One of the greatest Southern Baptist forebears is John A. Broadus, who with James P. Boyce, William Williams and Basil Manly Jr., founded The Southern Baptist Theological Seminary in 1859. The fledgling seminary closed during the Civil War and restarted afterwards with only seven students, and four faculty who took no salary.

Only one student enrolled in Broadus’ homiletics course. The student was blind and was very sick and actually died within two years of graduation. Broadus was one of the brightest, best-trained minds of his time, and he was also devoted to doctrine. In fact he loved it so much he couldn’t be slack in teaching even one blind, sickly student. Broadus prepared so well that afterward he collected his lectures and they were published in a book called On the Preparation and Delivery of Sermons. That book has been used to train thousands of preachers. This godly man was so committed to teaching truth that he did it well even with one blind, sickly student. Broadus paid attention to his life and his doctrine.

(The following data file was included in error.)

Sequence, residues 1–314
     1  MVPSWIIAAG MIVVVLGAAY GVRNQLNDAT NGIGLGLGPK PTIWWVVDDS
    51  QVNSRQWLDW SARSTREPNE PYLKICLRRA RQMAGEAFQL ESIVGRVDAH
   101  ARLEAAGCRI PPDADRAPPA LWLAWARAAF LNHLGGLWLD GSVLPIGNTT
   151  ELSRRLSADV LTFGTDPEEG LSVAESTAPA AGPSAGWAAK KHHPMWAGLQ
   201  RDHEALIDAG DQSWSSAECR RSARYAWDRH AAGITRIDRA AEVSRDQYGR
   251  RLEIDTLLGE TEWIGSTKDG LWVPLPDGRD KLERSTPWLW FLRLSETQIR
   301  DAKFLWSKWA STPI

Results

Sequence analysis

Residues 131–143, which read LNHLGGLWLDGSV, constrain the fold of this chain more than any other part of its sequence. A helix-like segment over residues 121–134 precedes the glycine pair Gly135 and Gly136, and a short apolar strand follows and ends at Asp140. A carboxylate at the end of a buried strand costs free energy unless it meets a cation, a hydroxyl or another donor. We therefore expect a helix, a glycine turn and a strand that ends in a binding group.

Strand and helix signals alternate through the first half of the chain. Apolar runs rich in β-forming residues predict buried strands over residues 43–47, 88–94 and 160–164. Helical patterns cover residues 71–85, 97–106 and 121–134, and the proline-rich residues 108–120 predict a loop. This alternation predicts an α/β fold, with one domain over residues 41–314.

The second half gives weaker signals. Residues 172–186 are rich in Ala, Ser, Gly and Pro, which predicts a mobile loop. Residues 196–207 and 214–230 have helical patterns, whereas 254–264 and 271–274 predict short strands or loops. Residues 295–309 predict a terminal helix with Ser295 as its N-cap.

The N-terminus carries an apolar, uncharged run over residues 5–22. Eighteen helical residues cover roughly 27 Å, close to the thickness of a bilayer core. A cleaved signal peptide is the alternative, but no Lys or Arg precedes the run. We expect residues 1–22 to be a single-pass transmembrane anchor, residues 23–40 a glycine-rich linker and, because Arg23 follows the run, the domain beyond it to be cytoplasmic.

Years later, when Broadus delivered the last words he ever said in the classroom, he knew his death was approaching. He was completing a course in New Testament and, after reviewing the lesson, he turned to his students, “Young gentlemen,” he said, “if this were the last time I should ever be permitted to address you, I would feel amply repaid for consuming the hour and endeavoring to impress upon you these two things: true piety and, like Apollos, to be men mighty in the Scriptures.”

The student who recorded it said that Broadus, after a pause, stood for a moment with his piercing eyes fixed upon his students and repeated over and over again, “Mighty in the Scriptures. Mighty in the Scriptures,” until the whole class seemed to be lifted through him and into a sacred nearness to the Master. True piety – pay attention to your life. Mighty in the Scriptures – pay attention to your doctrine.

Donald S. Whitney serves as associate professor of biblical spirituality and also as senior associate dean of the School of Theology at Southern Seminary.  He is the author of six books, including Spiritual Disciplines for the Christian LifeYou can connect with Whitney on TwitterFacebook and through his website The Center for Biblical Spirituality. This post originally appeared in Don Whitney’s chapter in A Guide to Expository Ministry.